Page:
By Bradley Hut
A continued high-rate of foreclosures has led to a surge in listings of nests and birdhouses across the nation, with affluent hawks and vultures snatching up the properties as they become available and converting them into McNests and Mcbirdhouses. The transformation of small, humble homes into ostentatious, gawky palaces has angered many neighbors and community leaders.
“Look over there,” said activist Richard Redbreast, pointing to a newly built seven-story birdhouse hanging from a branch in the trendy Linden Hills neighborhood of Minneapolis. “Six weeks ago that was a fairy-tale cottage with an elderly hummingbird living in it, but she could no longer afford the property taxes. So two techno-riche hawks fly in and buy the thing, tear it down in ten minutes and build a…well, there it is. In all my life I never thought I’d see a custom-built, single-family tower in a maple tree, painted Tuscan gold.”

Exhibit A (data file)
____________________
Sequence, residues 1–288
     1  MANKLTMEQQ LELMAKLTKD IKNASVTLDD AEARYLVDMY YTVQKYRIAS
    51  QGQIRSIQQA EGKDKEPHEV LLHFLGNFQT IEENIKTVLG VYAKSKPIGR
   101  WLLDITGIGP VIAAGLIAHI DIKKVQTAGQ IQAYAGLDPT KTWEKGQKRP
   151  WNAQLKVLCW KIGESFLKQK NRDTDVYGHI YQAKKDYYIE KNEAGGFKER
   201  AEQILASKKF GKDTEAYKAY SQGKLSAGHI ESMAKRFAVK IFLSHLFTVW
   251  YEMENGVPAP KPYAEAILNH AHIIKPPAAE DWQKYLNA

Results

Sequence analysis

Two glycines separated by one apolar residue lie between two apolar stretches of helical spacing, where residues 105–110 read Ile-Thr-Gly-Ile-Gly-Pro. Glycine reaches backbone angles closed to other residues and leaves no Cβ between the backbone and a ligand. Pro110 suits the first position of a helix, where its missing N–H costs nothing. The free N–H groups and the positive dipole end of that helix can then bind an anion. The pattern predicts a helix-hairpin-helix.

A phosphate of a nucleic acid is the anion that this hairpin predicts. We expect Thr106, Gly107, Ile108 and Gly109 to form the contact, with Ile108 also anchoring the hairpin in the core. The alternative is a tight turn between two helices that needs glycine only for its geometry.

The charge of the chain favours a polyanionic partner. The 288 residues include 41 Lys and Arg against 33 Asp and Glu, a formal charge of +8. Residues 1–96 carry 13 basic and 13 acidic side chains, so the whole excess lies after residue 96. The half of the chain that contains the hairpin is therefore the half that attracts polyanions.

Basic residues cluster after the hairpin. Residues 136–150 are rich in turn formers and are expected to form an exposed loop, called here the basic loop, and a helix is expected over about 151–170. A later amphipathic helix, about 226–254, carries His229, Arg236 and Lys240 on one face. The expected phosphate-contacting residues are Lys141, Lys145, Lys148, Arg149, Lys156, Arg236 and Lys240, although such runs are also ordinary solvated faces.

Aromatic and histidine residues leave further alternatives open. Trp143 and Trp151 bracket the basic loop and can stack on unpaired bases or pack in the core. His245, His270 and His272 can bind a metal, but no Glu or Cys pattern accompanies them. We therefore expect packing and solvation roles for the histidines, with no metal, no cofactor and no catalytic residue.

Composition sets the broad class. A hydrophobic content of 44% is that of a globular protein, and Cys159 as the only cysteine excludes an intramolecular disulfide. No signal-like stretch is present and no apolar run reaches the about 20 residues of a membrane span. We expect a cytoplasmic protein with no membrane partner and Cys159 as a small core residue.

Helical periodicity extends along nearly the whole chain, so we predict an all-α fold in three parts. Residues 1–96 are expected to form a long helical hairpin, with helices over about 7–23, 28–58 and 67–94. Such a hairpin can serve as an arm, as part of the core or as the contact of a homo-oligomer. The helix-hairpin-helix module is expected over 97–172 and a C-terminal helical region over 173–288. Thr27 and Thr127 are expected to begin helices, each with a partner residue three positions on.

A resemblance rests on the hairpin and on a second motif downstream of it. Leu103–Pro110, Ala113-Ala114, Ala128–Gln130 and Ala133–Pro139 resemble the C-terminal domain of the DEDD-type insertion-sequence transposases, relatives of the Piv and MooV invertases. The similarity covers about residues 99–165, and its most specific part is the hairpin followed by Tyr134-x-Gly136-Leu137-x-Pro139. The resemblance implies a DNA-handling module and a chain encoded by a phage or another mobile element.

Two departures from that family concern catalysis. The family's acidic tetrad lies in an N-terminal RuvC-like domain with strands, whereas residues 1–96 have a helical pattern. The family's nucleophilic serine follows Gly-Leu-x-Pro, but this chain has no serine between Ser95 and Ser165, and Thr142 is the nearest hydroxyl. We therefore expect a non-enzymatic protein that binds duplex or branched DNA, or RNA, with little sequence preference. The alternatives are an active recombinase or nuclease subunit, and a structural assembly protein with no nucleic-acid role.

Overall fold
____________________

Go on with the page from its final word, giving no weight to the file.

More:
Cindy Flapper, a realtor with the Avian Group in Edina, said successful raptors understandably want to own a birdhouse that reflects their financial status and many accomplishments. “Size is the best way for them to say to others, ‘Look, you see, I had the good character to sell my stock options at the right time, and if you don’t believe me let’s just compare square footage.’”